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I am wondering how does one figure out what parts of the Bible are figurative, and what parts are actual events? From what I know, there are those who debate if such stories such as the world’s creation, Adam’s sin, and the Exodus really occurred as described. Is there any way to determine when the Torah is and is not meant to be taken literally?
It is a very good and important question. Before all, I should state that our tradition teaches us that every word of the Torah is the precise word of God, as dictated to Moses (Talmud Sanhedrin 99a, Maimonides Laws of Repentance 3:8). The Torah is referred to as “the Torah of truth” (e.g. Malachi 2:6, Yigdal prayer). Thus, our question, correctly stated, is not if parts of our Torah should not be taken as factual or accurate. The Torah is entirely “true” – the precise words of the God of truth. The question is only if God intended His words to be understood as literal truth or at times more figuratively.
A second general point I should make is that generally speaking, this is not something we need to figure out on our own. When God gave Moses the Torah, He also gave him the Oral Law, explaining how the Written Torah was to be understood. (See here for more details on this.) The Oral Law tells us when laws and episodes of the Torah are to be understood literally and when more figuratively.
With these introductions, I think the general pattern we find in the Torah is that the vast majority of it is taken as literal truth. Certainly entire episodes such as the Flood and the Exodus occurred more or less as described.
(One possible exception is the Book of Job, which according to one opinion in the Talmud is a parable - a fictional backdrop for discussing the dilemma of why bad things happen to good people and not an actual occurrence. Although this opinion is rejected by the Talmud (Baba Batra 15a), it does bear mention. See this past response for a fuller treatment.)
Even so, there are many examples of specific events, details or laws which our tradition teaches us are not to be taken entirely literally. They are “true,” to be sure, but not true in a literal sense.
Perhaps the most salient example of this is the story of Creation. The Torah describes the creation as a simple process occurring in six days, yet clearly much more is involved than the simple reading of the Torah implies. The Talmud considers the story of creation to contain some of the deepest secrets of Kabbalah, which may be taught only to a single student at a time (Mishna Hagigah 2:1).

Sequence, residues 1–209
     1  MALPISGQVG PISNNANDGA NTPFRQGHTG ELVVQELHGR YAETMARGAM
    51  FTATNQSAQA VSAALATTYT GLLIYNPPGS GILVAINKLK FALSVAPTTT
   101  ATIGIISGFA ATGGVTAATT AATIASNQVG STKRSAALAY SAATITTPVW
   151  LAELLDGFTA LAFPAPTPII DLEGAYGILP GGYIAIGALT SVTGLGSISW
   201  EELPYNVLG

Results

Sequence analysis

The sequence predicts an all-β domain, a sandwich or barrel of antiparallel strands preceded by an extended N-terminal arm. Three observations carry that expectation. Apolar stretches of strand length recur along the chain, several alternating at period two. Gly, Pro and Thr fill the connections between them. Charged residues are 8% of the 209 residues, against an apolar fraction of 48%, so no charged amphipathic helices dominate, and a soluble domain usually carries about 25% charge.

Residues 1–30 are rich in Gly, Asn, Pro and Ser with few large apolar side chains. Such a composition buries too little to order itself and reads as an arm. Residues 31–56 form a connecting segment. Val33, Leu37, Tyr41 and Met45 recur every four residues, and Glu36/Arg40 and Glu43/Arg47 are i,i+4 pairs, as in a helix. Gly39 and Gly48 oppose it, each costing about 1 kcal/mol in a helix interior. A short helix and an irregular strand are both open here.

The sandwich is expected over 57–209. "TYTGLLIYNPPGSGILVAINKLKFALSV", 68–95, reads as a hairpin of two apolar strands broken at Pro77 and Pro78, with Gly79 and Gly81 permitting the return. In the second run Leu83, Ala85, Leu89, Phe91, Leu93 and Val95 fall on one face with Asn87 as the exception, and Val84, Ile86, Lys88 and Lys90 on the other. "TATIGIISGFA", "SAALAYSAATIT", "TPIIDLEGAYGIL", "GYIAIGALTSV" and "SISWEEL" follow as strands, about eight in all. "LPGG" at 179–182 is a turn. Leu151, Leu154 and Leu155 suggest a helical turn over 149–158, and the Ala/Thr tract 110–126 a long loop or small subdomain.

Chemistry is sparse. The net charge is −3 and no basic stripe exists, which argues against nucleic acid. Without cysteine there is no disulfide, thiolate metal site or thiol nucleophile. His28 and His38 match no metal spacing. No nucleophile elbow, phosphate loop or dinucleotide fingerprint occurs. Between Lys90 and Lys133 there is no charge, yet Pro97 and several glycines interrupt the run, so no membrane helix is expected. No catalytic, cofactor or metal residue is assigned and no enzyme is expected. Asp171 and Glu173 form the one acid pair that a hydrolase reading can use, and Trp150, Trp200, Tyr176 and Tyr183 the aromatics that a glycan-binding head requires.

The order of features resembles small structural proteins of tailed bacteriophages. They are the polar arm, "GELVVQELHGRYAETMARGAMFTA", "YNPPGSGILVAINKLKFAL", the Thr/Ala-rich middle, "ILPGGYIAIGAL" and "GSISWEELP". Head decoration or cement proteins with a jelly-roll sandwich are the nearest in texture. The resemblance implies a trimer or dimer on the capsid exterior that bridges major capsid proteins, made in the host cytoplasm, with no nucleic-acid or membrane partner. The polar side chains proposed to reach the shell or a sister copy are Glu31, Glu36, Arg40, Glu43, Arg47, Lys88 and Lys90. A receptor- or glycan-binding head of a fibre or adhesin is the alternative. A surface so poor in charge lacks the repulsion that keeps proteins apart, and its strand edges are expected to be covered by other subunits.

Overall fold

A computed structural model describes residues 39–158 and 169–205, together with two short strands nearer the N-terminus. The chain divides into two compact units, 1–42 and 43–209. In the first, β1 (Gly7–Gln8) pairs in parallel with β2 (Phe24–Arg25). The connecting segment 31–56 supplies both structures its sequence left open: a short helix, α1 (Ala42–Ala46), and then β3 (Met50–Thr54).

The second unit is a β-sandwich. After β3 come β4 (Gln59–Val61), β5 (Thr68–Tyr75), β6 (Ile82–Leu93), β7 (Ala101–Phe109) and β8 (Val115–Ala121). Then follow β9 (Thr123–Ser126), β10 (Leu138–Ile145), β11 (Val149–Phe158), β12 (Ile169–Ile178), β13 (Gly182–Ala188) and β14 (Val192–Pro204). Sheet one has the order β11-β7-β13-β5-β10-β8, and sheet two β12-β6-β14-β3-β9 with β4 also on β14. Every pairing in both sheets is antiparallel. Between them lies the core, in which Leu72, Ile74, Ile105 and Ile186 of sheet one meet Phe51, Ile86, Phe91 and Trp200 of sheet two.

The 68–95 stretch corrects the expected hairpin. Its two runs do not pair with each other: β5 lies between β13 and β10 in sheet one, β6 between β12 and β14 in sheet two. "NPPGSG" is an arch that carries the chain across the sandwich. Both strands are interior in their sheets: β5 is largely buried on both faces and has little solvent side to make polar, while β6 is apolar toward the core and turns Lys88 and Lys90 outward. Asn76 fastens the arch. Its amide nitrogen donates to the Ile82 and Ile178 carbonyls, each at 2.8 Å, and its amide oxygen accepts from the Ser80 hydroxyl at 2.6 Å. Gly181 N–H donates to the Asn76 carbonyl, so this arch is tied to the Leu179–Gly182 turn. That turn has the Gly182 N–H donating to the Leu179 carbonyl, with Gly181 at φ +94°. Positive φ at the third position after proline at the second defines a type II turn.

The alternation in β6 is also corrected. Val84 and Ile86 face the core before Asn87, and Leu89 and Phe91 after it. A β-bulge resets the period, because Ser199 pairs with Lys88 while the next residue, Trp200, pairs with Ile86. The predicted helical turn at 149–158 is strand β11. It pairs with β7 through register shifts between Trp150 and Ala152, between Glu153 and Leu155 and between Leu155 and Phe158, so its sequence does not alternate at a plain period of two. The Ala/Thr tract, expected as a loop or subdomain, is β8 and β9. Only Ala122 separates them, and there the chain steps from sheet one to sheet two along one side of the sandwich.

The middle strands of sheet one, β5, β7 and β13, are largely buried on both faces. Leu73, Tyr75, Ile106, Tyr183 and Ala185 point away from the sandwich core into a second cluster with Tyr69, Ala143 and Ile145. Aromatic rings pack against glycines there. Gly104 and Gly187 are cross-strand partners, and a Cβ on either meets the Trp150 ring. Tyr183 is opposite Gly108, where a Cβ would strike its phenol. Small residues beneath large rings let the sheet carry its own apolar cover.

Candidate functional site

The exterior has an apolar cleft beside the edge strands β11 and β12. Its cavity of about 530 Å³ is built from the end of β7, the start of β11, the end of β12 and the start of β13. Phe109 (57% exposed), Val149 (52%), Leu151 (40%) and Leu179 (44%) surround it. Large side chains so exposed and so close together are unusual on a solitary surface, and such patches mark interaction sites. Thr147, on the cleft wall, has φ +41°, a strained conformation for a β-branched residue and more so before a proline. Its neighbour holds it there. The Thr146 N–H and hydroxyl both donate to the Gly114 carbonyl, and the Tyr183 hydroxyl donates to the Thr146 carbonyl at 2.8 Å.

Further, the Sages clearly exclude the first days of Genesis – before Adam’s creation – from our regular calendar. The current count of 5775 years from Creation actually counts from the first day of Adam’s life (on Rosh Hashanah), not the first day of creation. The earlier days, before the world’s first Rosh Hashanah, are described as part of the “year of tohu (emptiness, chaos).” It is thus entirely possible that the “days” referred to in the story of Creation do not mean 24-hour days but epochs. (See this article which discusses this at length.)
Another good example is Genesis 35:22 which states that Reuben slept with Rachel's handmaid Bilhah. The Talmud (Shabbat 55b) explains that he did not literally do so. Rather, he moved his father's bed from one tent to another (as a protest that after Rachel's death he moved in with Rachel's maid rather than with Leah). Even so, the Torah equated his action – taking liberties with his father's personal life – to actually committing the offense.
Below I cite some other well-known examples.
(a) The Torah appears to prescribe the punishment for certain offenses as 40 lashes (Deut. 25:3), while the Talmud teaches us that the verses should be read in a way which implies 39 (Mishna Makkot 3:10).
(b) The Torah’s justice demands “an eye for an eye” (Exodus 21:24) while the Talmud teaches us that the punishment is actually monetary. The meaning of the verse is that such is true justice – what the aggressor truly deserves. Yet in practice, the courts may not administer such a punishment – in part because knocking out the assailant’s eye may kill him, giving him more than he deserves. The Torah’s statement is true, yet not implementable in practice. (See here for a more detailed discussion.)
(c) The Torah appears to require that we place the head Tefillin between our eyes (Deut. 6:8), while that phrase is interpreted by the Talmud to mean the front part of the head (Menachot 37b based on Deut. 14:1).
(d) Adam was told that on the day he eats of the fruit of the Tree of Knowledge he would die, yet he lived another 930 years. According to the Midrash, he did die on that “day” – for 1000 years is a day in God’s eyes (based on Psalms 90:4). See here.
(e) There are verses which clearly use terms poetically, such as the “four corners of the earth” of Isaiah 11:12.
Thus, in general, we will not find entire episodes in the Torah explained away as allegory. Yet, there is some degree of leeway in the interpretation of particular verses. Almost invariably, the classic sources guide us as to when the Torah’s intent is more and less literal.